ABA is not synonymous with DTI [Discrete Trial Training—a method of teaching in simplified and structured steps]. ABA is not just a treatment for autism. ABA is not a package of static programs. People interested in learning more about what ABA is and how it can be utilized … please go to apbahome.net or bacb.com or casproviders.org or balcllc.org
Another reader also attests to the evolution of ABA since the Lovaas days:
I’ve worked with hundreds of kids and adults on and off the spectrum for over 15 years using the principles of ABA; “unrelenting drills” were never used. I’ve taught kids skills such as sledding with their peers in their neighborhoods, eating at a restaurant for a grandma’s birthday, and clapping their hands to get attention instead of punching somebody or themselves. This article also shines little light on the thousands of studies that support ABA interventions in schools, homes, work places, and communities.
A parent of an autistic child is on the same page:
We have my 6-year-old daughter in ABA therapy 20-30 hours a week. She’s improved immensely, and they don’t use any aversives.
They do, however, keep insisting that she follow directions, but it’s more in the sense of repeating the same command over and over again in a consistent tone until it sinks in that she’s not going to get her way by throwing a fit. (When we first started, she was 3 and would sometimes scream, hit, or run away if the therapist wanted her to stay in her room, pick up her toys, of follow some other direction.)
For a while, food was used as a positive reward, but she was never rewarded like this when she was hungry. (Now, the reward is watching Frozen videos or doing a preferred craft for 10 minutes.) Her speech has improved immensely and she’s able to successfully engage with her peers and school and out around town (the park)—something I never thought would happen.
Maybe a good way to think about this would be to compare old-style ABA therapy to standard parenting practices from the same time period. Most of the practices from that era on both fronts would be considered abusive now. Hitting your kids with a belt, sending them to bed without dinner, etc. were all common at that time.
We try to shape our children, neurotypical or not, to be aware of social norms/behaviors. That doesn't mean we don’t value who they truly are. Well-applied ABA therapy just tailors that approach to an autistic child’s needs.
One more reader, Hannah, makes a distinction about how ABA can and should be used:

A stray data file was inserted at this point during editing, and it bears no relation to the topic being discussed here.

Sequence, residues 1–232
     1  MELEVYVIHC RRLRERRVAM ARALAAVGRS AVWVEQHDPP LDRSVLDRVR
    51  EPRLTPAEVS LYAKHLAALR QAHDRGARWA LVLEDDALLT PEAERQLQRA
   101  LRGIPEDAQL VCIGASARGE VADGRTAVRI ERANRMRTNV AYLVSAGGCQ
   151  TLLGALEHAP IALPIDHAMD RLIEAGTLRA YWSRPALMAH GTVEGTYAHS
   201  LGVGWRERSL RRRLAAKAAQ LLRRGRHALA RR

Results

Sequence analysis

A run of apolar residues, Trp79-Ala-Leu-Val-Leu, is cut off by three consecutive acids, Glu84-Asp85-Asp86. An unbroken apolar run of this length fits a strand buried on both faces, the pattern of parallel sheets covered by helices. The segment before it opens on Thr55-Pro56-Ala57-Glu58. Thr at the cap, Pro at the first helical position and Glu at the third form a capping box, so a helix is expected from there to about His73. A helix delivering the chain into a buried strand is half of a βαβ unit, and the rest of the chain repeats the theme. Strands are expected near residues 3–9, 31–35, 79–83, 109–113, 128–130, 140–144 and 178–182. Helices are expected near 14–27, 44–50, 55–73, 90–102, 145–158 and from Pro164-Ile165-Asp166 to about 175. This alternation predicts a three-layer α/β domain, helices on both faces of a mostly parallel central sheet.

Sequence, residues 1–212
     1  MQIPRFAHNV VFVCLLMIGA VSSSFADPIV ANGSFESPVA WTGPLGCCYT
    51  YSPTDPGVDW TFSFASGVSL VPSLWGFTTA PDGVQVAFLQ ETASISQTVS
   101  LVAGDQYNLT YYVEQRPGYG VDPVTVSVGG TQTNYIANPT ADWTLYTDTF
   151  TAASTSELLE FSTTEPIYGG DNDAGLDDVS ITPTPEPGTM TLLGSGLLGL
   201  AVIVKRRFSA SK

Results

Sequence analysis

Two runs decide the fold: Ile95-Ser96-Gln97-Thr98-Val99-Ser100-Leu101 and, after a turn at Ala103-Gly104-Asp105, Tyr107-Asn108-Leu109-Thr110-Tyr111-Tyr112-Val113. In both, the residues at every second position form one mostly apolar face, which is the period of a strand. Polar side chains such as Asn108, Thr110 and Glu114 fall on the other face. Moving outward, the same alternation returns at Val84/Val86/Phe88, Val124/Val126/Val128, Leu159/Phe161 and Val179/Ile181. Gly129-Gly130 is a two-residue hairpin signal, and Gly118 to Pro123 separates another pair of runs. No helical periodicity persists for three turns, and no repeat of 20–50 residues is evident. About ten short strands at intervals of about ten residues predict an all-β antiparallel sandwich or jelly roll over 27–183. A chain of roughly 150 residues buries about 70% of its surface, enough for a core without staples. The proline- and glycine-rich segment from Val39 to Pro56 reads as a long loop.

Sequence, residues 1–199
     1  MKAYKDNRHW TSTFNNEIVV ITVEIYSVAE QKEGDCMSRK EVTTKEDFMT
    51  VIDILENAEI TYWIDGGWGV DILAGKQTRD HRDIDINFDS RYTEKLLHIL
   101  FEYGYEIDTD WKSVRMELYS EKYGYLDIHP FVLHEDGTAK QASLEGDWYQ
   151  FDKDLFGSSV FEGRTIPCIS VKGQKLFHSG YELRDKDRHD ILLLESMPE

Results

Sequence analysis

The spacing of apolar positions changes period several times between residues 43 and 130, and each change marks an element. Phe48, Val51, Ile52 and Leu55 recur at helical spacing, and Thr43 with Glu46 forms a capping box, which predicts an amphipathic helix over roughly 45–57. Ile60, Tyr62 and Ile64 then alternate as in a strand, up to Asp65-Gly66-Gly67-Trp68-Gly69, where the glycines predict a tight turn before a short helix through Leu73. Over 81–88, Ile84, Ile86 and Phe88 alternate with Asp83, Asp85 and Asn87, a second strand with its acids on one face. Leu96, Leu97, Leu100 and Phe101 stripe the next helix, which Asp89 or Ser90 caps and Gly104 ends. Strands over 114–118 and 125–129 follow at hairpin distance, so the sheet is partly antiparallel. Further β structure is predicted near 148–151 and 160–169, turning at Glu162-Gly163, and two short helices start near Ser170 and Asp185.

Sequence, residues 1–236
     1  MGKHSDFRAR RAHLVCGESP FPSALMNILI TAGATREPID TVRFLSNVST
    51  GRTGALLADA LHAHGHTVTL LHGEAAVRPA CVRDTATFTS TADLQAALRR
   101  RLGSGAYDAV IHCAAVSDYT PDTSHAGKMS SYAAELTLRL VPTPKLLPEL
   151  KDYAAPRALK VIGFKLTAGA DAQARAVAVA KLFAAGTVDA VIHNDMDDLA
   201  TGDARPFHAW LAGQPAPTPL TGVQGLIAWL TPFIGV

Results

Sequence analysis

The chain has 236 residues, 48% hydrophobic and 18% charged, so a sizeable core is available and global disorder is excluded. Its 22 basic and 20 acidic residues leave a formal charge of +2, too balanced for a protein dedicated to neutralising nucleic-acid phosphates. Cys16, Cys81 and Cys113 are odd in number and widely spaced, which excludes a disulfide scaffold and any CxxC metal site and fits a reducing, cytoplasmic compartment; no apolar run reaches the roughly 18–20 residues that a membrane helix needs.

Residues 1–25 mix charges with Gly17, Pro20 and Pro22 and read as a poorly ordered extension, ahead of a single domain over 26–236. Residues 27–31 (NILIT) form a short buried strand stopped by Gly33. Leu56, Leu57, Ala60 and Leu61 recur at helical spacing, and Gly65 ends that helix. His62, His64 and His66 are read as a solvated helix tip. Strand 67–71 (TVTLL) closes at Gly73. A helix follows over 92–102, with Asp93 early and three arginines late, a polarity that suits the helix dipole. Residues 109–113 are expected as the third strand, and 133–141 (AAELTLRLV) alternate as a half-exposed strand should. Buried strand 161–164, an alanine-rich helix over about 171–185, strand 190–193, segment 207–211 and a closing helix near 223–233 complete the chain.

Most of the criticism here seems to be directed at ABA therapy targeted at social skills. I can understand this, though I’m not sure that the people regretting their treatment would actually have been better off without that treatment. Still, impossible to say.
But ABA is also teaching children to eat and communicate and use the bathroom and get dressed. It’s teaching them the basics of independent living.
As someone who works in a home for adults with various types of disabilities, including several women who are recipients of ABA therapy, while I feel somewhat uncomfortable with several aspects of how therapy is done, I still see it transforming people who are functioning at a much lower level than the people in this article who will never in a million years be “neurotypical” but who, by learning life skills, can live a life with dignity and with more independence than otherwise. It also makes it much easier for the caregiver as well (though that may sound heartless).
Bottom line: Purely social ABA for high-functioning people with autism may be potentially harmful, but don’t throw away the baby with the bath water.
If you have any firsthand experience with ABA and want to shed some new light on this discussion, please let us know: firstname.lastname@example.org.
A reader presents a really interesting theory about autism:
The ABA treatment [discussed earlier by readers] dates back to a time when psychologists theorized that autistic people could not readily interpret social cues because their empathy was too low, owing to defects in their brains. Today there is a challenge to that assumption: They may have *too much* empathy, and so social interactions are too loud and frightening, causing them to withdraw.
Which is true? The answer should drive treatment approaches. It’s quite possible that the Skinner approach works superficially to produce specific desired responses but isn’t at all optimum.
There is a clue supporting the “too much empathy” theory. Autistic kids and adults tend to do very well in socializing with cats, dogs, horses, etc. Interacting with animals brings out more advanced socialization skills, which they can then use, to some extent, with other humans. It appears that they perceive less social threat from animals, from whom unconditional love towards kindly humans is typical. If autistic people instead have low empathy, this result ought to be very unlikely.
Too much light will blind you. Too much sound will deafen you. And too much empathy may be responsible for autistic withdrawal and a reduced capacity for interpreting social cues. This needs to be nailed down before we should be eager to grant blanket approval to ABA therapy. Skepticism and critical thinking are warranted.
For more reading, here’s a helpful post from the blog Aspertypical, written by a psychology grad student with Aspergers, called “Autistic Man’s Best Friend: The connection between pets and autism.” She in part points to the work of arguably the most famous American with autism, Temple Grandin, who has particularly strong insight when it comes to the animal connection:
Professor of animal science Dr Temple Grandin may be able to shed some light on this connection. In her paper ‘Thinking the Way Animals Do’, she describes how her autism makes it easier for her to understand animals, as her thinking processes are much like an animal’s. She explains how she often thinks in images, not language, much like an animal does. A horse trainer once told her that horses don’t think, they just make associations, to which she concluded that if making associations isn’t thinking, then she does not think either. It is true that those with autism often make strong associations to negative events, developing strange fears; the colour red, for example, is commonly associated with negative feelings for those with autism.